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Benjamin Tillman
Tillman crop.jpg
Tillman around 1910
United States Senator
from South Carolina
In office
March 4, 1895 – July 3, 1918
Preceded by Matthew Butler
Succeeded by Christie Benet
84th Governor of South Carolina
In office
December 4, 1890 – December 4, 1894
Lieutenant Eugene B. Gary (1890–1893)
Washington H. Timmerman (1893–1894)
Preceded by John Peter Richardson III
Succeeded by John Gary Evans
Personal details
Born
Benjamin Ryan Tillman Jr.

(1847-08-11)August 11, 1847
Trenton, South Carolina, U.S.
Died July 3, 1918(1918-07-03) (aged 70)
Washington, D.C., U.S.
Political party Democratic
Spouse(s)
Sallie Starke
(m. 1868; his death 1918)
Relations George Dionysius Tillman (brother)
James H. Tillman (nephew)
Children 7
Signature
Nickname(s) "Pitchfork Ben"

Benjamin Ryan Tillman (August 11, 1847 – July 3, 1918) was an American politician of the Democratic Party who served as Governor of South Carolina from 1890 to 1894, and as a United States Senator from 1895 until his death in 1918. A white supremacist who opposed civil rights for black Americans, Tillman led a paramilitary group of Red Shirts during South Carolina's violent 1876 election. On the floor of the U.S. Senate, he defended lynching, and frequently ridiculed black Americans in his speeches, boasting of having helped kill them during that campaign.

In the 1880s, Tillman, a wealthy landowner, became dissatisfied with the Democratic leadership and led a movement of white farmers calling for reform. He was initially unsuccessful, though he was instrumental in the founding of Clemson University as an agricultural land-grant college. In 1890, Tillman took control of the state Democratic Party, and was elected governor. During his four years in office, 18 black Americans were lynched in South Carolina; in the 1890s the state had its highest number of lynchings of any decade. Tillman tried to prevent lynchings as governor, but also spoke in support of the lynch mobs, alleging his own willingness to lead one. In 1894, at the end of his second two-year term, he was elected to the U.S. Senate by vote of the state legislature, who elected senators at the time.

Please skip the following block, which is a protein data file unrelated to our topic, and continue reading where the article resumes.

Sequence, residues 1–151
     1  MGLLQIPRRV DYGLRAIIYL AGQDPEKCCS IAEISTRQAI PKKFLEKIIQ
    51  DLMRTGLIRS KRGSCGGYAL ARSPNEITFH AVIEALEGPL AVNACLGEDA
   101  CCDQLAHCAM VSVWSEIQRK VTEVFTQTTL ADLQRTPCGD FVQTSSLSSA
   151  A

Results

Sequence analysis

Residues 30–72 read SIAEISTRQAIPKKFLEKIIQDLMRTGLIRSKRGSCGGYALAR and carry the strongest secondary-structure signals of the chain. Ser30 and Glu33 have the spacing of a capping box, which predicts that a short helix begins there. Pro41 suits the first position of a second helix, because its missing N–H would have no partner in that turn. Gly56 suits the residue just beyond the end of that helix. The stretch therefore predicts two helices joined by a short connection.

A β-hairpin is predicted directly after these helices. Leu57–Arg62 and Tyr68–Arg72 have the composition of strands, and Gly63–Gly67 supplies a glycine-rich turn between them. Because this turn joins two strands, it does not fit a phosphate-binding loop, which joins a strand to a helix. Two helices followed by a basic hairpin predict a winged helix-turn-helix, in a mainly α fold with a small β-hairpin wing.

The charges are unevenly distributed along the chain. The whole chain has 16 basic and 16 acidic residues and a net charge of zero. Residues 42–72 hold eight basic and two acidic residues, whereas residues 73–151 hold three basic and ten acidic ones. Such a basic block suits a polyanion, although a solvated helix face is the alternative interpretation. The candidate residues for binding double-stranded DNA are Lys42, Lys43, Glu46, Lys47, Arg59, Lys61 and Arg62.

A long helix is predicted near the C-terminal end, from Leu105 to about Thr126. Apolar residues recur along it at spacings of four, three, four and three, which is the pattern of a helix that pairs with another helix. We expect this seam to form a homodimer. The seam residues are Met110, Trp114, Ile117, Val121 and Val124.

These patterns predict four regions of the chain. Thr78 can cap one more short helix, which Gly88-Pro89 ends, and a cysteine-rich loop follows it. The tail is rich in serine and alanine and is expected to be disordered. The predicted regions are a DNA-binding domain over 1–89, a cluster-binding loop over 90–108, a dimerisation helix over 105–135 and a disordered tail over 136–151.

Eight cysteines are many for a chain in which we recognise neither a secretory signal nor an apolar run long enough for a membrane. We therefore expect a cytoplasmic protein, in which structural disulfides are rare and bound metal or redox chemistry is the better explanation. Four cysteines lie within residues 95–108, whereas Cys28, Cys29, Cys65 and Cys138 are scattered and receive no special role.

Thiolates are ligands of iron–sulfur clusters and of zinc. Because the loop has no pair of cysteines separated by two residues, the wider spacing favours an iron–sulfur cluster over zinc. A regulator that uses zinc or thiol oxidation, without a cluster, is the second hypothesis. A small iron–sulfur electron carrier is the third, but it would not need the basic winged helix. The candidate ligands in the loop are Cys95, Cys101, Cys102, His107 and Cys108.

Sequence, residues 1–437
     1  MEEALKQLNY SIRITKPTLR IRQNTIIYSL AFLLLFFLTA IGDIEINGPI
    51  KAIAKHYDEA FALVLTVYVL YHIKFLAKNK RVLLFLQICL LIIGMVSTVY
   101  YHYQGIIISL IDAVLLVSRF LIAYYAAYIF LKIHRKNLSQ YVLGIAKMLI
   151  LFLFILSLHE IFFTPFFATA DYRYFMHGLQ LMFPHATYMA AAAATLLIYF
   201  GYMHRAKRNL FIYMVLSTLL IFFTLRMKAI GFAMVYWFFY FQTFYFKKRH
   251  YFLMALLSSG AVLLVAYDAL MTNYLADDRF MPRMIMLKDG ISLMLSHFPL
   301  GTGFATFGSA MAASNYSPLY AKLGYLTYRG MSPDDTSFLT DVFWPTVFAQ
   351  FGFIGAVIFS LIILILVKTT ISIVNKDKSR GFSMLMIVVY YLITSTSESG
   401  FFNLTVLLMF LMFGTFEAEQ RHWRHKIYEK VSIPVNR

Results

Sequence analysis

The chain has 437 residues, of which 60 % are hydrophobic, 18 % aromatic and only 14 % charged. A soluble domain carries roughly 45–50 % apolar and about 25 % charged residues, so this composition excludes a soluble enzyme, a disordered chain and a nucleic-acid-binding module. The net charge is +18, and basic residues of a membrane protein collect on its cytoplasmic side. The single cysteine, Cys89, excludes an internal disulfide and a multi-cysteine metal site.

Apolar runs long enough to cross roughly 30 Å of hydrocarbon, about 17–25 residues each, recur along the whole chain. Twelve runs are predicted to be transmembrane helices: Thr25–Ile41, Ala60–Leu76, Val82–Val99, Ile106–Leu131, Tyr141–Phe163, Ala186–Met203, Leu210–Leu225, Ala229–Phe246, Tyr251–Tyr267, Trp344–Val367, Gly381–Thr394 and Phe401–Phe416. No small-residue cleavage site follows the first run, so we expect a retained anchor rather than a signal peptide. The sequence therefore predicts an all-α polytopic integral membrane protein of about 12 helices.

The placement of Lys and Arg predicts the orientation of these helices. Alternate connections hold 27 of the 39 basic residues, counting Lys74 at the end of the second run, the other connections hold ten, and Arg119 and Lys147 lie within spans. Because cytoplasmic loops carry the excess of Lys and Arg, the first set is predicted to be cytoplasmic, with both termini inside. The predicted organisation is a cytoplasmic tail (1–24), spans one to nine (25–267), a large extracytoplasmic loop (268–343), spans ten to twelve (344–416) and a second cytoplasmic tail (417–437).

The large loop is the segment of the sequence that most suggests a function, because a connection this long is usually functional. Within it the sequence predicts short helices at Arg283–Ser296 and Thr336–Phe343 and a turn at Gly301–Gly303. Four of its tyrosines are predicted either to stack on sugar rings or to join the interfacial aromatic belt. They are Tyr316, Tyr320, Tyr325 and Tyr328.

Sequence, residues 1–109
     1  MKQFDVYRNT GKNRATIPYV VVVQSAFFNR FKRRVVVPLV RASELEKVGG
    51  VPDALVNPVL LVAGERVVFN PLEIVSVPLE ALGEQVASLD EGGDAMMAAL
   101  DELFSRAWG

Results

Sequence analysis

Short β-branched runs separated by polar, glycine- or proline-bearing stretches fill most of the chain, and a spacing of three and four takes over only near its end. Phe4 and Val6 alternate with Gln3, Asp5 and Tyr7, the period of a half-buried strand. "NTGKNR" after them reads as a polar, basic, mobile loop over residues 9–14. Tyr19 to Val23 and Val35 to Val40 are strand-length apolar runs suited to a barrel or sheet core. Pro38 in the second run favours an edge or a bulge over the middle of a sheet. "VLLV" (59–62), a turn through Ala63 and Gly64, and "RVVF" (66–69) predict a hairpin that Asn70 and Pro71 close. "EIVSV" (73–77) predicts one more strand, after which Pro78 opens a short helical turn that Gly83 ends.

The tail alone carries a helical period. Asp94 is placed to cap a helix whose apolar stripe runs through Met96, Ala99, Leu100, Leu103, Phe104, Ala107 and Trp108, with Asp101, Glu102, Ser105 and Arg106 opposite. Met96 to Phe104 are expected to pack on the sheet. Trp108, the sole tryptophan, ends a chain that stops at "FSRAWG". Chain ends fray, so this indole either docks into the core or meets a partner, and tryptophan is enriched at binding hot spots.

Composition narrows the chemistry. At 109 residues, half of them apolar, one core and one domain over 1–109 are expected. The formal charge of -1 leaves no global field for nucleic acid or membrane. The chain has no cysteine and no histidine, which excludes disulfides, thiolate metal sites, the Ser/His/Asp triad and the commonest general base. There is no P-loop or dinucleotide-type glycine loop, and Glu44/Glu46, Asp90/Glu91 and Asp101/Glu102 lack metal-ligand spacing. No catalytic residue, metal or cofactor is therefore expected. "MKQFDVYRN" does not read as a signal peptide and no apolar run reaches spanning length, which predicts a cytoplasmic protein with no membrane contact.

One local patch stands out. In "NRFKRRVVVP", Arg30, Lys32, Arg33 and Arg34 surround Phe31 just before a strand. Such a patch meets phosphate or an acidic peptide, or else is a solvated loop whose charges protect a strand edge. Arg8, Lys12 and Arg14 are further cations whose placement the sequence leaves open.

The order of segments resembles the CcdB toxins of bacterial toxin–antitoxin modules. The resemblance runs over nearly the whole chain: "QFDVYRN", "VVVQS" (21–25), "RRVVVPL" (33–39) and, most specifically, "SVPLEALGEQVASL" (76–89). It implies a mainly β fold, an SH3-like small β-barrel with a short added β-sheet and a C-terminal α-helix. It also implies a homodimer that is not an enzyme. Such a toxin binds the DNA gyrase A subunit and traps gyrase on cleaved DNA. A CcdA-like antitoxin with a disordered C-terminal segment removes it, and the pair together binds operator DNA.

Tillman was known as "Pitchfork Ben" because of his aggressive language, as when he threatened to use a pitchfork to prod that "bag of beef," President Grover Cleveland. Considered a possible candidate for the Democratic nomination for president in 1896, Tillman lost any chance after giving a disastrous speech at the convention. He became known for his virulent oratory—especially against black Americans—but also for his effectiveness as a legislator. The first federal campaign finance law, banning corporate contributions, is commonly called the Tillman Act. Tillman was repeatedly re-elected, serving in the Senate for the rest of his life. One of his legacies was South Carolina's 1895 constitution, which disenfranchised most of the black majority and many poor whites, and ensured white Democratic Party rule for more than six decades into the twentieth century.

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